Try more of our tips for making your studio a greener place:
Make the most of natural light. Add a north window, which will provide sufficient natural light all day for working. For nondaylight hours, use energy-efficient fluorescent bulbs (choose 5500k bulbs to simulate natural light) and recycle them properly after they burn out.
Cover walls with safer paint. Paint studio walls with low-VOC (volatile organic compound) paints. Traditional latex gives off harmful gases that lower air quality.
Avoid vinyl floors. Replace vinyl floors—which release gases that contribute to indoor air pollution—with safer alternatives such as real linoleum (made from natural substances), reclaimed wood or ceramic tile.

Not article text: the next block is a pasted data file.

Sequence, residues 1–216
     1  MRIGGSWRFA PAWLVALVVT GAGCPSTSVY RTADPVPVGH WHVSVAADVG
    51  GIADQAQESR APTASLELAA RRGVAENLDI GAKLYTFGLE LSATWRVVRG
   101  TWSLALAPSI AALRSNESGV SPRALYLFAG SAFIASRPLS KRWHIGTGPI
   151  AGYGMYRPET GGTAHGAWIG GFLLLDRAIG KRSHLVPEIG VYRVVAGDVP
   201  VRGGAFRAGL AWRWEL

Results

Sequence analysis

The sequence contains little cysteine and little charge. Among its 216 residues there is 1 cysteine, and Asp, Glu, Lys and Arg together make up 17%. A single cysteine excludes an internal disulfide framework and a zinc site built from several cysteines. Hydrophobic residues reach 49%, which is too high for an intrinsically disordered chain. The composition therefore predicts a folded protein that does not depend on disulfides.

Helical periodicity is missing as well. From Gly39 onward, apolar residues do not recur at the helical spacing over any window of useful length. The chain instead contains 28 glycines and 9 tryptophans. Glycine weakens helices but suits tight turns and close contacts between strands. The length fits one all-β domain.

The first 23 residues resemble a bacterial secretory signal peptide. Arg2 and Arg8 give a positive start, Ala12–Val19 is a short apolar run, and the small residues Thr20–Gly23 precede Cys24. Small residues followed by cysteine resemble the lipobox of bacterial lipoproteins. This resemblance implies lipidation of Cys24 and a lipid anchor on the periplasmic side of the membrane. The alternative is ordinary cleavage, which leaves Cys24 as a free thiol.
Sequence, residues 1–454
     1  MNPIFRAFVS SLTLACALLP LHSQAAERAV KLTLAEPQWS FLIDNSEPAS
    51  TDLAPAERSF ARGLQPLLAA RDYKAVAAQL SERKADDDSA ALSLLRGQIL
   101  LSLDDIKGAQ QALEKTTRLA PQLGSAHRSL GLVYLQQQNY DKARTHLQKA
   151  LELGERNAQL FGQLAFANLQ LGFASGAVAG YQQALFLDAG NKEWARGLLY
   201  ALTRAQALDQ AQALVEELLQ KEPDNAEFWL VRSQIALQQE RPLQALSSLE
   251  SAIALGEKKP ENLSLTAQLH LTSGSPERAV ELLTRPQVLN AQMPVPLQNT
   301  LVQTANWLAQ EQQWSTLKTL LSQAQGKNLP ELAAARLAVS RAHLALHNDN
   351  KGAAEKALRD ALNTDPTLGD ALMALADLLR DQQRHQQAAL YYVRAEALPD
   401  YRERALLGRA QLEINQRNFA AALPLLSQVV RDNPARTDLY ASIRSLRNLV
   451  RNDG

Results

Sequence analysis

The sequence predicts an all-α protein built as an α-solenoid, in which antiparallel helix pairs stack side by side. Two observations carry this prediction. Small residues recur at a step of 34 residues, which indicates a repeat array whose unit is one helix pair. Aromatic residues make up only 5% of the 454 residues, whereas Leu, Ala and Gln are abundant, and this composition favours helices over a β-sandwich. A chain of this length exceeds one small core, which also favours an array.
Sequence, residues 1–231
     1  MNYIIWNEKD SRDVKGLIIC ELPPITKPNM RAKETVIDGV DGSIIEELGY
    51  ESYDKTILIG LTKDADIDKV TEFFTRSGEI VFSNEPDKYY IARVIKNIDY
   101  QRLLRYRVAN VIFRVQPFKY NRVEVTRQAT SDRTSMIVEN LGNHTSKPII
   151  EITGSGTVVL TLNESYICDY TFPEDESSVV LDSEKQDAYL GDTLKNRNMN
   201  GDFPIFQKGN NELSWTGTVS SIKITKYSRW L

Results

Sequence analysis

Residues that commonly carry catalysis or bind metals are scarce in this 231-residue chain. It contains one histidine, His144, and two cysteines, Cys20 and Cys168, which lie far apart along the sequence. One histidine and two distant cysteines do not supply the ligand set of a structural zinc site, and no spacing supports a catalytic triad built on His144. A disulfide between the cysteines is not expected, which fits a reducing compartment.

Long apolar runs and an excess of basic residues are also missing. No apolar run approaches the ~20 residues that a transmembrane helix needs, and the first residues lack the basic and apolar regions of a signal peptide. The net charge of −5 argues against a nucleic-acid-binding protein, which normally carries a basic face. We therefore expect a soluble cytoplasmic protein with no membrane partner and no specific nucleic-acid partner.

Green your roof. If your roof is flat and can support the weight, consider turning it into a green roof. The vegetation and its root system help to insulate your building, reduce storm water runoff, filter pollutants and will last longer than traditional petroleum-based membrane roofs.
This tip is an excerpt from an article titled “Eco-Friendly Studios Get the Green Light,” by Tamera Lenz Muente. To read the full article on how artists, architects and developers join forces to save the Earth (and a little money), click here and order The Artist’s Magazine’s 2009 Annual CD.